Garry Barber is a Licensed Clinical Pastoral Counselor (NCCA) who holds Masters and Doctoral degrees in both biblical studies and family counseling. For nearly 3 decades he has sought to guide individuals and families to a healthier, more functional life. Abby Elam is our Counseling Center Assistant. She has a bachelor’s degree in Social Work from Middle Tennessee State University and has spent the last several years working for different nonprofit organizations and ministries.The Joy House Counseling Center exists for the purpose of providing a faith-based option for residents of the Highway 575/ 515 corridor who seek guidance with life’s problems. We have locations in Pickens, Gilmer and Cherokee Counties with fees based on income and ability to pay. We offer counseling to all ages, from 7 to 70, with professional services to a wide variety of individuals, families and their needs. Contact our Counseling Center via phone at 678-452-2037 for more information.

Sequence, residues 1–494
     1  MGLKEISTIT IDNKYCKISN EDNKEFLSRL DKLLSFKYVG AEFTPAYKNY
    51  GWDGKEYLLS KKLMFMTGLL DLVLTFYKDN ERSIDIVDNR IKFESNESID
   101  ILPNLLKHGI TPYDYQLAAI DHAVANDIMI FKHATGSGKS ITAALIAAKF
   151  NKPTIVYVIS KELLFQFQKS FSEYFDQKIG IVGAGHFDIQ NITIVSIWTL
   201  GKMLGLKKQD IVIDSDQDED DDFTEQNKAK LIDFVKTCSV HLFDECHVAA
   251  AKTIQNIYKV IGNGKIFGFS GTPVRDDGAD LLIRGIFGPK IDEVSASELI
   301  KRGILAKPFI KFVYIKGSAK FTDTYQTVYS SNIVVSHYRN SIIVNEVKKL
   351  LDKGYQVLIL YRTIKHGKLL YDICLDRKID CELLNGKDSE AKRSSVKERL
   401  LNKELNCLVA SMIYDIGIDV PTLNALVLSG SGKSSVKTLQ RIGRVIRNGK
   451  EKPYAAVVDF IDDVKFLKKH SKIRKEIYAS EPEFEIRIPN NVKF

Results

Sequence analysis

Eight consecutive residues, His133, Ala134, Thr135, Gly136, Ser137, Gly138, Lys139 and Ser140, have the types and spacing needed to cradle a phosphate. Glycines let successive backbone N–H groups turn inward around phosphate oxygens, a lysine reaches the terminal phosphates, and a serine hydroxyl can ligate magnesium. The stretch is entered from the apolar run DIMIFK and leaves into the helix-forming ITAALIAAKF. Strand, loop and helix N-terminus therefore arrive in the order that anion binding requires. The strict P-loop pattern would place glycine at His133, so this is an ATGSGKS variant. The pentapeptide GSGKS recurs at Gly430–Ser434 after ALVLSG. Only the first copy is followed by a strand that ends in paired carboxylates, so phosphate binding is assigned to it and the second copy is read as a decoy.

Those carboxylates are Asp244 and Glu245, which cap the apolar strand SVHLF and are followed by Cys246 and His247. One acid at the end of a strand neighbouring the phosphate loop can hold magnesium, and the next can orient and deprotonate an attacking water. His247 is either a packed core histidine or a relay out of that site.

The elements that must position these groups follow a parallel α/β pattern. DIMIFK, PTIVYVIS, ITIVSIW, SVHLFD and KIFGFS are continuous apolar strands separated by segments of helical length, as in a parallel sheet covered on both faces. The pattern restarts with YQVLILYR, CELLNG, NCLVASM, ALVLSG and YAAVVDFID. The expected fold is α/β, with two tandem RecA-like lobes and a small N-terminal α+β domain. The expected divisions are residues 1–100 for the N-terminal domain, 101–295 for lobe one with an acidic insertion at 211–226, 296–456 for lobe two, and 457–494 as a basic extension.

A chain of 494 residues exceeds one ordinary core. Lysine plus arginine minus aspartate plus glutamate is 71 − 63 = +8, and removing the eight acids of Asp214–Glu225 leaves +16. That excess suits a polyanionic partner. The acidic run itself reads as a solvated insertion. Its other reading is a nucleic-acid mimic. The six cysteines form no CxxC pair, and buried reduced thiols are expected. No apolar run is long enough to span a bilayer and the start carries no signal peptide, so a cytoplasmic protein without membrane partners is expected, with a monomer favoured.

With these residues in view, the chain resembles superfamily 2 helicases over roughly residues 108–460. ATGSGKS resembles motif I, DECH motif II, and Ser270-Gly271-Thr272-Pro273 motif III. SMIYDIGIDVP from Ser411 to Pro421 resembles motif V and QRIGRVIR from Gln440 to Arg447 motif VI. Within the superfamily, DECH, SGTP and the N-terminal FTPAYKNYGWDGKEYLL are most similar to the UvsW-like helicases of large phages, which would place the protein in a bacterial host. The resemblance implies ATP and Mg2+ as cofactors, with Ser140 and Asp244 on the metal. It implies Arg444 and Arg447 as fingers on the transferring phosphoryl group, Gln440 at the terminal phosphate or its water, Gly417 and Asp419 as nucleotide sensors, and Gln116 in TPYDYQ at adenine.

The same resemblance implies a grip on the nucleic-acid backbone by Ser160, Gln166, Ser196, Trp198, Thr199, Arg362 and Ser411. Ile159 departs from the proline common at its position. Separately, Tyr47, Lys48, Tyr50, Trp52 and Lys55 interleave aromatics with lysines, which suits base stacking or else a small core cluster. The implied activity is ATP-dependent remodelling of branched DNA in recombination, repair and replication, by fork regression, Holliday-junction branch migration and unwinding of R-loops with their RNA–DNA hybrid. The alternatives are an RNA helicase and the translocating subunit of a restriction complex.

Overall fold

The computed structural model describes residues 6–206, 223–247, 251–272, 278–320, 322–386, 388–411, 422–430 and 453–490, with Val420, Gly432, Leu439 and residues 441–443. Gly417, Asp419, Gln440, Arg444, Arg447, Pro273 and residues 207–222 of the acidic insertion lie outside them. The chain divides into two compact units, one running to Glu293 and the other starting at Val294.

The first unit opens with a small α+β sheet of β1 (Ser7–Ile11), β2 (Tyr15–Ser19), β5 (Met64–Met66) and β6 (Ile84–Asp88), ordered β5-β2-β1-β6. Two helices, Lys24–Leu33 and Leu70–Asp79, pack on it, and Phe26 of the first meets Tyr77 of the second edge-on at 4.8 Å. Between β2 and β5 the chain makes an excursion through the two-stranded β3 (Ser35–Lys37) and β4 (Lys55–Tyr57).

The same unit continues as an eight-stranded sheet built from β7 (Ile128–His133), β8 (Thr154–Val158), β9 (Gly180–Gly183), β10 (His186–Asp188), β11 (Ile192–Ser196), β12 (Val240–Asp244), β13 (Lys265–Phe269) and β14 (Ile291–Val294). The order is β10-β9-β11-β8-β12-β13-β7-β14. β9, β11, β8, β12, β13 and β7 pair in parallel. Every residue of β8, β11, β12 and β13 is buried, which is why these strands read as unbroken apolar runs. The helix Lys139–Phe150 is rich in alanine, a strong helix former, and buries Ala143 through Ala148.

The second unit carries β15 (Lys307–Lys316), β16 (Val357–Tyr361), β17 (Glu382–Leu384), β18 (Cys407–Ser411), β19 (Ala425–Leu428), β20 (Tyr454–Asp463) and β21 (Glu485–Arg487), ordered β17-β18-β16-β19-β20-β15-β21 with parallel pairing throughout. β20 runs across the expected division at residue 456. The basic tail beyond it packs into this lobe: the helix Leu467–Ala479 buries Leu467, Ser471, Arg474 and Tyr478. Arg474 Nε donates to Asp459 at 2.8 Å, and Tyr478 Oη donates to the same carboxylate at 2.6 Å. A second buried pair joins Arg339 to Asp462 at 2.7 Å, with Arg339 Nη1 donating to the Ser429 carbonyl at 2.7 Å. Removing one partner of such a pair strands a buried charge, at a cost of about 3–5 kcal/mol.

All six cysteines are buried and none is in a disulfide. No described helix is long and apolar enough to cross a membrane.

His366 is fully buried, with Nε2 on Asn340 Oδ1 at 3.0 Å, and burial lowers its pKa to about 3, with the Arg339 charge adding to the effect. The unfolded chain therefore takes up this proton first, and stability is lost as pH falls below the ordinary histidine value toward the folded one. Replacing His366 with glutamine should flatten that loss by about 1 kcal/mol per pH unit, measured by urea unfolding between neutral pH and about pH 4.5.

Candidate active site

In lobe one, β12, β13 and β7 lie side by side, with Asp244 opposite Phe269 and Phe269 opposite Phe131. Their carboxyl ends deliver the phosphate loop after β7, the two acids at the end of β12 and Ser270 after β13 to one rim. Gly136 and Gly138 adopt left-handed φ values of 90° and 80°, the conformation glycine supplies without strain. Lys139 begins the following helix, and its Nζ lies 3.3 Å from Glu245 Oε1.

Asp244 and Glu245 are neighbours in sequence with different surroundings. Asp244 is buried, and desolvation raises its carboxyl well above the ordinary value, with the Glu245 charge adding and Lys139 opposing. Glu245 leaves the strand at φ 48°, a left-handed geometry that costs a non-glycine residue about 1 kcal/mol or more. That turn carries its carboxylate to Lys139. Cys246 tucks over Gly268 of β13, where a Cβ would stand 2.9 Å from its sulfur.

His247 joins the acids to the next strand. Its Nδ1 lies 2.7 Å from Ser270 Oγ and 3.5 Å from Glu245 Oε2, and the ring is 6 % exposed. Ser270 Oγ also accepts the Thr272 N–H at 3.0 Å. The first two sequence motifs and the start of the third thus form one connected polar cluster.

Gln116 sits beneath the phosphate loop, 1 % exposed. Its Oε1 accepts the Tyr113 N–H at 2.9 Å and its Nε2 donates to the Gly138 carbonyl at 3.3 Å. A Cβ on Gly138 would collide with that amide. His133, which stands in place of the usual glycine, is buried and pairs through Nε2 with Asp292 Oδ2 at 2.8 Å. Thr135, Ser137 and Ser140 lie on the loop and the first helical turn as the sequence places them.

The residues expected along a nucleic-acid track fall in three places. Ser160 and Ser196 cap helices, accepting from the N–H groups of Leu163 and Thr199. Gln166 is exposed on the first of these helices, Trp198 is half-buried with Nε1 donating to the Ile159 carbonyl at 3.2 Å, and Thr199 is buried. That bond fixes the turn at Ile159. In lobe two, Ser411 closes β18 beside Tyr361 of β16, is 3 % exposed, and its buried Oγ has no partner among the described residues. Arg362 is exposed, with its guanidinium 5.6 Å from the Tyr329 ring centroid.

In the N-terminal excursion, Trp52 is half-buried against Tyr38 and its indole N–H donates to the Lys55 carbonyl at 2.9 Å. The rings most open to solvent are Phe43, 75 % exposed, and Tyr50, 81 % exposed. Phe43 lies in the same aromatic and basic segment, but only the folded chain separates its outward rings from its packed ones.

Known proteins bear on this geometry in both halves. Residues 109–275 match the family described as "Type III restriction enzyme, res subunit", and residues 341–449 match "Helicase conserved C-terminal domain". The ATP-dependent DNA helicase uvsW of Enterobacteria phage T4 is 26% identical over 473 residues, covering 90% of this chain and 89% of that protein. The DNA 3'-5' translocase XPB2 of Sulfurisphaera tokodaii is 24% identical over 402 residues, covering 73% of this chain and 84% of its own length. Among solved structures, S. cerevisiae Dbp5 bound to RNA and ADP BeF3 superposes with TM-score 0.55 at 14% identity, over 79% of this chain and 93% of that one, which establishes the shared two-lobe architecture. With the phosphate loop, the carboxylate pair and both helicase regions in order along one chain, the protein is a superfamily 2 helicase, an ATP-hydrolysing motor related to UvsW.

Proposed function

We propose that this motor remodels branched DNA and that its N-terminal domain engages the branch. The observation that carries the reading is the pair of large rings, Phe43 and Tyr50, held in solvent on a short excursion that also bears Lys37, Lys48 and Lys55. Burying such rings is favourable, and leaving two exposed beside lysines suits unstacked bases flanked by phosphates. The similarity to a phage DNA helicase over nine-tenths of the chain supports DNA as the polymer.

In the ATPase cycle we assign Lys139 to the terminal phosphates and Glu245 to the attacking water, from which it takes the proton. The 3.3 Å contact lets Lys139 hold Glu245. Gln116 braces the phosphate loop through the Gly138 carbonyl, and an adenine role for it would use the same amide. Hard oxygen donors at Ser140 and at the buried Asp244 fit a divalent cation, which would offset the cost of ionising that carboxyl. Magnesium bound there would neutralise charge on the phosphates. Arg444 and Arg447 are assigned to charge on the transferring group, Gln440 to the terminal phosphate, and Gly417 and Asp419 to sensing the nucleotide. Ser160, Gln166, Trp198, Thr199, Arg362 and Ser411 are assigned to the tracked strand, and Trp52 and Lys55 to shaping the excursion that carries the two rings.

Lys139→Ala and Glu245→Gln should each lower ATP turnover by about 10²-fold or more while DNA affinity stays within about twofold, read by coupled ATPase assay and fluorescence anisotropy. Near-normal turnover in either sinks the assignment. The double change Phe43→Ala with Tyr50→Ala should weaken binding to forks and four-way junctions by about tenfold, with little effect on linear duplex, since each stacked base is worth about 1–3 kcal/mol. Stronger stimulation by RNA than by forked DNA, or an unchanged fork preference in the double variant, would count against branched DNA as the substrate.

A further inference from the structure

Studies have shown that the risk of suicide declines sharply when people call the national suicide hotline: 1-800-273-TALK. There is also a crisis text line. The lines are staffed by a mix of paid professionals and unpaid volunteers trained in crisis and suicide intervention. The confidential environment, the 24-hour accessibility, a caller’s ability to hang up at any time and the person-centered care have helped its success, advocates say.